Surely it is God who saves me;
trusting him, I shall not fear.
For the Lord defends and shields me
and his saving help is near.
So rejoice as you draw water
from salvation’s living spring;
in the day of your deliverance
thank the Lord, his mercies sing.
Make his deeds known to the peoples;
tell out his exalted Name.
Praise the Lord, who has done great things;
all his works his might proclaim.
Zion, lift your voice in singing;
for with you has come to dwell,
in your very midst, the great
and Holy One of Israel.
–Words: Carl P Daw (b. 1944); paraphrase of The First Song of Isaiah
–Tune: THOMAS MERTON, by Ray W. Urwin (b. 1950)
“Thy kingdom come!” on bended knee
the passing ages pray;
and faithful souls have yearned to see
on earth that kingdom’s day.
But the slow watches of the night
not less to God belong;
and for the everlasting right
the silent stars are strong.
And lo, already on the hills
the flags of dawn appear;
gird up your loins, ye prophet souls,
proclaim the day is near:
The day to whose clear shining light
all wrong shall stand revealed,
when justice shall be throned in might,
and every heart be healed;
When knowledge, hand in hand with peace,
shall walk the earth abroad;
the day of perfect righteousness,
the promised day of God.
–Words: Words: Frederick Lucian Hosmer, 1891
–Tune: ST. FLAVIAN, 1562
God so loved the world that he gave his only begotten Son, that who so believeth in him should not perish but have everlasting life. For God sent not his Son into the world to condemn the world, but that the world through him might be saved.
This Easter, I have been surrounded by reminders of the Resurrection life. We are a blessed people to have inherited that gift through our new life in Christ. Each Easter, we remember that blessing. After what seemed like an unusually long and cold winter, and a season of renewal and reflection during Lent, this Easter season is greeted by shouts of praise and ALLELUIA to the risen Lord. It is a beautiful, sacred, and grace-filled life that we live in Christ. May that light shine in us always, no matter what darkness or evil may enter our lives. Thanks be to God! Happy Easter!
Christ is alive! Let Christians sing.
The cross stands empty to the sky.
Let streets and homes with praises ring.
Love, drowned in death, shall never die.
Christ is alive! No longer bound
to distant years in Palestine,
but saving, healing, here and now,
and touching every place and time.
Not throned above, remotely high,
untouched, unmoved by human pains,
but daily, in the midst of life,
our Savior with the Father reigns.
In every insult, rift, and war
where color, scorn or wealth divide,
Christ suffers still, yet loves the more,
and lives, where even hope has died.
Christ is alive, and comes to bring
good news to this and every age,
till earth and sky and ocean ring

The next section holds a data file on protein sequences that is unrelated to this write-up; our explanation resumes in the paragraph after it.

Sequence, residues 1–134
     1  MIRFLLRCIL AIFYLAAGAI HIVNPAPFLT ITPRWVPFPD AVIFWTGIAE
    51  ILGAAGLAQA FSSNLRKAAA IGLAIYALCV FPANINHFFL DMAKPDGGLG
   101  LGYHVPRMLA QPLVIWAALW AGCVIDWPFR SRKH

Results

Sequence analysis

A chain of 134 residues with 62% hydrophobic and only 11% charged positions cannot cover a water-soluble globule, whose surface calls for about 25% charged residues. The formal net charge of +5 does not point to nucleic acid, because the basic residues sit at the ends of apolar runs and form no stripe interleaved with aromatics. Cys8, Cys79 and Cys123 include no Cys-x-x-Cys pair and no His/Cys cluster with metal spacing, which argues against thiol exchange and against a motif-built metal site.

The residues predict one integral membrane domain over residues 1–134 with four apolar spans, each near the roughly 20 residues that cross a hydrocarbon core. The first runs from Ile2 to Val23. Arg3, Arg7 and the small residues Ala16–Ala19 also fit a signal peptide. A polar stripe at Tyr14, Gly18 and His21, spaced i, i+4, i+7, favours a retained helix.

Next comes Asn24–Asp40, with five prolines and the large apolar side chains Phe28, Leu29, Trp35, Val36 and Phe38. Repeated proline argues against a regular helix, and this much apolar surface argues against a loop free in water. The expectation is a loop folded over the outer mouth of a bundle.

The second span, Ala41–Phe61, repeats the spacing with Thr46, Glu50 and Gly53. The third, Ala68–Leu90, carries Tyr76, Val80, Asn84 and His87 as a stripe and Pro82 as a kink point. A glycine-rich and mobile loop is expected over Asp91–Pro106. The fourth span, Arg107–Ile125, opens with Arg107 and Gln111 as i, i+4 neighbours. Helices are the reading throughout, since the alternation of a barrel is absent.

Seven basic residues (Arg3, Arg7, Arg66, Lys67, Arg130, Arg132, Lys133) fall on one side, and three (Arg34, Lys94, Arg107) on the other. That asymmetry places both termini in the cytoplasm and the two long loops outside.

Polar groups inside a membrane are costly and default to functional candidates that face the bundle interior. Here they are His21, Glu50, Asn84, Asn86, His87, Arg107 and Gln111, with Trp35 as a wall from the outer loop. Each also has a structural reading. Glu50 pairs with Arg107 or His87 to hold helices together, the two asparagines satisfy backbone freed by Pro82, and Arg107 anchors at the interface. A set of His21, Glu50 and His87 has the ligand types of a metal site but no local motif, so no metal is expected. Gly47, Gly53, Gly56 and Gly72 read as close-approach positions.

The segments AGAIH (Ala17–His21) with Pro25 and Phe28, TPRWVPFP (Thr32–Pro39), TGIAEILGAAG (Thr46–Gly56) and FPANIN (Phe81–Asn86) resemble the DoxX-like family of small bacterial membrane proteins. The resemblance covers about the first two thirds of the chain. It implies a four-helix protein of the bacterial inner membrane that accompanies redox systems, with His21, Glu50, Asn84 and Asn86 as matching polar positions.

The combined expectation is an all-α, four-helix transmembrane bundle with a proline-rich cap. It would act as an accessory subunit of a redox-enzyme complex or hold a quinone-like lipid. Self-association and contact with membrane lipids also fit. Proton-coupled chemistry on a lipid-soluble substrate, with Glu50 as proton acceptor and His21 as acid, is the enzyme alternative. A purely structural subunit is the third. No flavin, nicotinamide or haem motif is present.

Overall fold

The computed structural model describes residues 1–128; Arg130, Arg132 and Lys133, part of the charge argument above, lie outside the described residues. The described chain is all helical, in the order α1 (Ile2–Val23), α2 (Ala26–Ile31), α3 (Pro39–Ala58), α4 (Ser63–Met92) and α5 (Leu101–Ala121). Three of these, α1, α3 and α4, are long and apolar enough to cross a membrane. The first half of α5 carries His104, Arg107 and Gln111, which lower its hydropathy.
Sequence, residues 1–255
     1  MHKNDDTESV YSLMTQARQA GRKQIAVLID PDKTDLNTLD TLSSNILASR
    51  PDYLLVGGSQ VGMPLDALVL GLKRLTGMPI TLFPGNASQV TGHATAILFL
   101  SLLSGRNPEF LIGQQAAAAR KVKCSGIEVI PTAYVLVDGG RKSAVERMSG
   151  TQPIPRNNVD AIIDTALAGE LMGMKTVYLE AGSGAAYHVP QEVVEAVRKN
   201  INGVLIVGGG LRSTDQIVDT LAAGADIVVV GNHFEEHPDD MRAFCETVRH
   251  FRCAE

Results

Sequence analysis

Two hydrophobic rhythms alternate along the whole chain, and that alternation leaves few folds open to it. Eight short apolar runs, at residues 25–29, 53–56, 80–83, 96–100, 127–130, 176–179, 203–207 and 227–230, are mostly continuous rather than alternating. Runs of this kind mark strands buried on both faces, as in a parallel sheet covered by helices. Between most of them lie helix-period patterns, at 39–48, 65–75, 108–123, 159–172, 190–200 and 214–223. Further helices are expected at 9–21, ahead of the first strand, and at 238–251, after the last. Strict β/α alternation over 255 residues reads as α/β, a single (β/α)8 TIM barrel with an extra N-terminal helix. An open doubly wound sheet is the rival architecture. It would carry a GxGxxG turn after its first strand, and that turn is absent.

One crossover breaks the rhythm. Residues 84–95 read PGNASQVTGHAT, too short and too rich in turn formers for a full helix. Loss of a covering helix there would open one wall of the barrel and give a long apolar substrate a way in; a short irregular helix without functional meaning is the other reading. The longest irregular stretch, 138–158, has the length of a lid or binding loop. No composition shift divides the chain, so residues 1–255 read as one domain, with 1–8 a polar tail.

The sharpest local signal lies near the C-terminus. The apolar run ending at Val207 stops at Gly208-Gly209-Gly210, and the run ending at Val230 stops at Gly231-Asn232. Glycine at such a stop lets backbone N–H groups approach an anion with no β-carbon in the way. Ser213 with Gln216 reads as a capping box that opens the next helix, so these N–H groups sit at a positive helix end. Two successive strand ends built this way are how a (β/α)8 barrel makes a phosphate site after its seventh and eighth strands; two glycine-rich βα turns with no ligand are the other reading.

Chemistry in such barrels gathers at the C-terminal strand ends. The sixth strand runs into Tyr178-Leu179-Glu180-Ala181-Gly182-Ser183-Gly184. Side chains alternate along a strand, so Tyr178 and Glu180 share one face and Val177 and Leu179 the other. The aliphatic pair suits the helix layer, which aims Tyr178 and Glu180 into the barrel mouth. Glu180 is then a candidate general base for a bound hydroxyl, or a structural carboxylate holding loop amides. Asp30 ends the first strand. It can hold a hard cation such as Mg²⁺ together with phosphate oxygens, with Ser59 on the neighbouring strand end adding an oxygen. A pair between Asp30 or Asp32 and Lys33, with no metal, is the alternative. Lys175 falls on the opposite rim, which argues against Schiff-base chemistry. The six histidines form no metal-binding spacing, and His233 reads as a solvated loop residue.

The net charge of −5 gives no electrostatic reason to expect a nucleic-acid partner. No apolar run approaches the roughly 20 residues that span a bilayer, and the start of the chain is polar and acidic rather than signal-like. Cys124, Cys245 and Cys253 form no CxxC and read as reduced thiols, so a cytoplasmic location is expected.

with joy, with justice, love, and praise.
Words: Brian Wren © 1969
Tune: TRURO, Charles Burney, 1789
Colorful signs of new life pop up everywhere!
The Gospel story of Jesus raising Lazarus from the dead (John 11:1-45) is a strange one, for many reasons. What I find most strange, but also most interesting, is that Jesus is told that “the one whom you love is ill.” Upon hearing this, Jesus doesn’t immediately go to Bethany to see his friend…he stays two days longer with his disciples. Upon his arrival in Bethany, he consoles his friends Martha and Mary. He goes to the tomb of Lazarus with Mary and Martha, and he, too, begins to weep. Several times, the Gospel says “he was greatly disturbed.”
This Gospel reading gives us a rare glimpse of Jesus…a one in which we see Jesus’s humanity expressed in several ways: his love for his friend, his being “greatly disturbed”, and in his consoling of his friends, showing compassion for his friends grief.
I think in this story, we are shown that it is OK to mourn the loss of friends and family whom we have lost in death. But, we are also called to hope and joy for the day when we will be reunited with them in eternal life. We are called with Jesus to mourn when we lose a loved one to death, but also we are called with Jesus to be joyful in anticipation of the day when we will all be raised from the grave, like Lazarus, and reunited with our loved ones for eternity.
Thanks be to God!
A poem for reflection…
Are you saved?
All this talk of saving souls,
Souls weren’t meant to save,
Like Sunday clothes that
give out at the seams.
They’re made for wear;
they come with a lifetime guarantee.
Don’t save our soul.
Pour it out like rain
on cracked, parched earth.
Give your soul away,
or pass it like a candle flame.
Sing it out,
or laugh it up the wind.
Souls were meant for hearing
breaking hearts, for puzzling dreams,
remembering August flowers,
These folk who talk of saving souls!
They have the look of bullies
who blow out candles before you
sing happy birthday,
and want the world to be in alphabetical order.
I will spend my soul,
Playing it out like sticky string
Into the world…
So I can catch every last thing I touch.
Next time someone asks, “Is your soul saved?”
Say, “No, it’s spent, spent, spent!”
I lift up my eyes to the hills;
from where is my help to come?
My help comes from the LORD,
the maker of heaven and earth.
“For God so loved the world that he gave his only Son, so that everyone who believes in him may not perish but may have eternal life. Indeed, God did not send the Son into the world to condemn the world, but in order that the world might be saved through him.”
These two excerpts from the Psalms and the Gospel of John are two of the most known words of the bible. In this sermon from the Very Rev. Gary Hall, dean of Washington National Cathedral, Dean Hall reflects on the words of these two scriptures, and how they might apply to our everyday lives, specifically during the days of Lent.
Click here to watch the sermon.
Click here to watch the entire worship service.
The Very Rev. Gay Hall